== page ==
Housing: +3.5%

  • Owned Home: +9.9%
    • Mtge Interest: +8.7%
    • Insurance: +9.5%
    • Maintain/Repair Serv: +18.6%
    • DIY Repair Supplies: +24.4%
  • Rental: -0.5%
    • Rent: -0.8%
    • Insurance: +8.0%
    • Maintain/Repair Serv: +32.3%
    • DIY Repair Supplies: +42.5%

We see the impact of the additional CUs acquiring homes. We also see the focus on home maintenance that drove the big spending lift in Home Centers and Hardware. One thing is constant. Insurance companies charge more!

Housekeeping Supplies: +9.3%

  • Laundry Supplies: -8.1%
  • TP & Paper Towels: +2.7%
  • Lawn & garden: +29.1%

Laundry – do less. Toilet Paper – buy more. Plus, don’t forget to maintain your yard!

Household Furniture & Equipment: +11.8%

  • All Furniture: +2.5%
  • Outdoor Furniture: +64.7%
  • Outdoor Equipment: +440.2%
  • Office Furn. Home Use: +143.9%
  • Computer Hdwe, NonBus: +41.9%
  • Portable Heat/Cool Equip: +19.4%

If you spend more time at home, including working there on a regular basis, you’re going to need furniture and equipment to do it comfortably. A home office requires office furniture. You’ll also want to upgrade your home computer. If your office is set up in a small room or basement, you need to insure a comfortable air temperature. Finally, when you take a break, why not comfortably relax in the backyard?

Transportation: -8.5%

  • Buy New Car/Truck: +2.9%
  • Buy Used Car/Truck: -0.7%
  • Leased Vehicles: +12.3%
  • Gasoline: -24.3%
  • Insurance: +1.9%
  • Parking: -45.8%
  • Rental Vehicles: -43.9%
  • Air Fares: -68.8%
  • Mass Transit: -53.7%

We saw in our Retail Channel analysis that the Auto Industry had broken even by year end 2020. That was largely driven by aggressive deals on new cars. That is reflected in these numbers. We also travelled significantly less, which is reflected by Gasoline, Mass Transit, Parking, Air Fares and Rental Cars. Once again, we can always count on insurance companies …as that spending went up +1.9%.

Healthcare: -0.3%

  • Medical Insurance: +3.9%
  • Physicians’ Services: -17.1%
  • Hospital Room/Services: -4.3%
  • Drugs: -2.0%
  • OTC Vitamins: +14.0%
  • Medical Equip/Supp: -12.4%

Health Care spending was down. Much of the expenses for COVID were covered and elective treatments were reduced. Even regular doctor visits declined. You can see that some people increased home remedies and of course, we can always count on the Insurance Industry – spending up +3.9%.

Entertainment: -5.8%

  • Fees/Admissions: -51.8%
  • Online Gaming Serv: +131.4%
  • Video Game Softwre: +36.7%
  • Video Game Hdwre: +51.7%
  • Video Streaming Serv: +34.5%
  • Musical Instruments: +35.4%

We still needed to have fun but as you see movies and in person events largely went away. We turned strongly to the internet. The big increase in musical instruments is interesting. Remember, a Musical Instruments Store chain made the list of the Top 100 Retailers for the very first time in 2020.

We have largely been focused inside the home. Let’s take a look at what was happening in terms of outdoor recreation and living. Remember sales in Sporting Goods Stores took off in the latter part of the year.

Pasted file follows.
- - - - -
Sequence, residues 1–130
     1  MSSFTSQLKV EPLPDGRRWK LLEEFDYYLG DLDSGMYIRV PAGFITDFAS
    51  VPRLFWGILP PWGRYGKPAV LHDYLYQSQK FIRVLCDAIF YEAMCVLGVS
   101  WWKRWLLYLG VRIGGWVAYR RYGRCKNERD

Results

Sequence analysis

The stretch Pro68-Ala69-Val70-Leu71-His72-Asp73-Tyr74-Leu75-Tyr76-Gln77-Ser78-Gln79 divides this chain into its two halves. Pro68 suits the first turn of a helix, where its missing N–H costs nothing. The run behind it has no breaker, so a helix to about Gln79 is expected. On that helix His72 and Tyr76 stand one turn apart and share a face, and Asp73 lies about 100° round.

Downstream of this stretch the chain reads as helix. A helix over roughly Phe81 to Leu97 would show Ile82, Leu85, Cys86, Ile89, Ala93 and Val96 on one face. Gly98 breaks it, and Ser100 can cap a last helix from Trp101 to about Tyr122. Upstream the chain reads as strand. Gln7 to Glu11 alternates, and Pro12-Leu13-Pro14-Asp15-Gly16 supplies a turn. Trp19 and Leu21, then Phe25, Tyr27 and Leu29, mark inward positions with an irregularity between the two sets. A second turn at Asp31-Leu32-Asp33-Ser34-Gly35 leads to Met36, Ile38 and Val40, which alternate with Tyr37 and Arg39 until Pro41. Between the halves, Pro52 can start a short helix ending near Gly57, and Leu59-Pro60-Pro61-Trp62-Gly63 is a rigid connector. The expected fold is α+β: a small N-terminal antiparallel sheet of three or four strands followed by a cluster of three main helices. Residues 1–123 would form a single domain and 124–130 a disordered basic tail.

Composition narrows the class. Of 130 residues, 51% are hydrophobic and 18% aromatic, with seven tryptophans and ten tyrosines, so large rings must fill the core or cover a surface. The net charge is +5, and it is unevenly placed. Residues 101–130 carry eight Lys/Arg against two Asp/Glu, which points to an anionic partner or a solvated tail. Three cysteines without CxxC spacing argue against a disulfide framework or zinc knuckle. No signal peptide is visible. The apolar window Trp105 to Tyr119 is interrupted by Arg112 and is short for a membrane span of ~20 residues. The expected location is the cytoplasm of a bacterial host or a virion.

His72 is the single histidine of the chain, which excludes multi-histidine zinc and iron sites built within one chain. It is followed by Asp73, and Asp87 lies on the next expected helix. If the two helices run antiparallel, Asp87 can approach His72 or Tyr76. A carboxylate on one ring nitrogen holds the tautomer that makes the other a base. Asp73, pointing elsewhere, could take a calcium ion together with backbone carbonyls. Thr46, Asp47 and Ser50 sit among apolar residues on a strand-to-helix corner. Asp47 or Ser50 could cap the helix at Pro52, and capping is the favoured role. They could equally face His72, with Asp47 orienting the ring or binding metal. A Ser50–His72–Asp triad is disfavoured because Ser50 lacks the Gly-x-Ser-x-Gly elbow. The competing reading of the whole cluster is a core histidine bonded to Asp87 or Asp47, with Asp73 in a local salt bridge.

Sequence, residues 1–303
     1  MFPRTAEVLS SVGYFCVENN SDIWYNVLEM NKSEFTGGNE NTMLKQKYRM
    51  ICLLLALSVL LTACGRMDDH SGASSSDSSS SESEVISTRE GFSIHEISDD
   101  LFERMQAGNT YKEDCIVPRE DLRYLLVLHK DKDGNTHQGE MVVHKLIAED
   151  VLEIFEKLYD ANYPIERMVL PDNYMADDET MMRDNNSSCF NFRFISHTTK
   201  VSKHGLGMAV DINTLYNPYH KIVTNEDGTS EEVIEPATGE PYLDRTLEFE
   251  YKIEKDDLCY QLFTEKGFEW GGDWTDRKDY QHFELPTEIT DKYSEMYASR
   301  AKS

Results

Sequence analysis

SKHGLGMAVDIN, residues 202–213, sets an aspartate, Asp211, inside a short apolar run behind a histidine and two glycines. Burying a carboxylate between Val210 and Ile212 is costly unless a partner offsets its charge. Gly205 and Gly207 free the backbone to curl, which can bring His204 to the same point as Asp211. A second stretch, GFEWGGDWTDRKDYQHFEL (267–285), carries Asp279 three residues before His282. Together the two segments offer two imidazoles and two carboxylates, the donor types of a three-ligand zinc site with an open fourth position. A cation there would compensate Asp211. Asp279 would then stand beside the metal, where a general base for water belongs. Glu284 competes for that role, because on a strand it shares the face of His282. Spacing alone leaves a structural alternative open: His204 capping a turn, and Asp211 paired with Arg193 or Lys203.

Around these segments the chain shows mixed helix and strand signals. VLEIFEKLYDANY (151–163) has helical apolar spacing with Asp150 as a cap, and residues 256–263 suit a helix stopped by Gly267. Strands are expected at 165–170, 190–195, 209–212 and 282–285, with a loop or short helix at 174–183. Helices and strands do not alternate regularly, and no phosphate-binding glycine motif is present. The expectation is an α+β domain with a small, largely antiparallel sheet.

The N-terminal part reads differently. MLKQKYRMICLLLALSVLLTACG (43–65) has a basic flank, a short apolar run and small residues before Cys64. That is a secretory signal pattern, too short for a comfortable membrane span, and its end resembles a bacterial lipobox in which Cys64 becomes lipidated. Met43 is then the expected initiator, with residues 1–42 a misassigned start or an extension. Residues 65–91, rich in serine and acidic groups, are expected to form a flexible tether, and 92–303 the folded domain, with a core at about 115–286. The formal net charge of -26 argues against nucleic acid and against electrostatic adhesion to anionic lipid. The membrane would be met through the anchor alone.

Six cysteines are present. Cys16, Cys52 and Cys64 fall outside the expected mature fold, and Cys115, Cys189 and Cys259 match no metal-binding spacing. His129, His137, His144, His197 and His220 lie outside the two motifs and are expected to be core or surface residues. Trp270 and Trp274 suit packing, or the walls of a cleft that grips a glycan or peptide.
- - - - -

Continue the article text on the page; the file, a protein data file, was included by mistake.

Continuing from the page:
Outdoor Entertainment & Recreation: +48.9%

  • Camping trailers: +941.9%
  • Motorized RVs: +294.9%
  • Motorized Boats: +79.1%
  • Rental of RVs: -24.5%
  • Athletic/Exercise Gear: +32.0%
  • Hunting/Fishing Equip: +42.0%
  • Winter Sports Equip: -10.4%
  • Water Sports Equip: +33.1%
  • Fireworks: +154.4%

You can see that we moved towards the outdoors, and the commitment was strong. We didn’t rent. We bought! Winter Sports was an exception because you can’t just go skiing. You need to go to a resort. The lift in home fireworks was huge and probably reflects consumers trying to make up for the cancellation of a lot of the planned July 4th celebrations.

Miscellaneous Expenditures of Interest

Here are some other interesting big changes in expenditures that don’t immediately fit into previous categories.

  • Personal Care Services: -30.3%
  • Digital Book Readers: +35.6%
  • College Tuition: -18.4%
  • Elem/HS Tuition: +42.9%
  • Marijuana: -6.5%
  • Lottery/Gambling Losses: -12.2%
  • Funeral Expenses: +53.4%
  • Charity Contributions: +66.1%
  • Political Contributions: +63.0%

These generally are expected changes, but they may be bigger than expected. I was surprised by the increase in Charitable and Political contributions. It does reinforce the fact that Americans want to get involved in a crisis. I must admit that I was stunned that we spent less on Marijuana. Gambling losses were down but never fear, betting has moved online. Plus, the Top 20% in Income loss 34.5% more on gambling than in 2019.

One last thing: Government Stimulus Money. Each of these 5 groups has 20% of Total CUs, based upon income level. Here is their share of Stimulus $:

  • Total $timulus – $251B
  • Under $24K – 15.3%
  • $25>45K – 20.0%
  • $46>75K- 22.2%
  • $76>124K – 24.0%
  • $125> – 18.5%

The payment was relatively balanced. However, it is concerning that the smallest share went to the lowest income group. Perhaps, the program should have been skewed even more towards lower income groups.

The data in the report often provides specific examples which reflect the trends seen in our ongoing analysis of sales by Retail Channel. I hope that it gives you a better feel for the monetary impact of COVID on U.S. Households in 2020.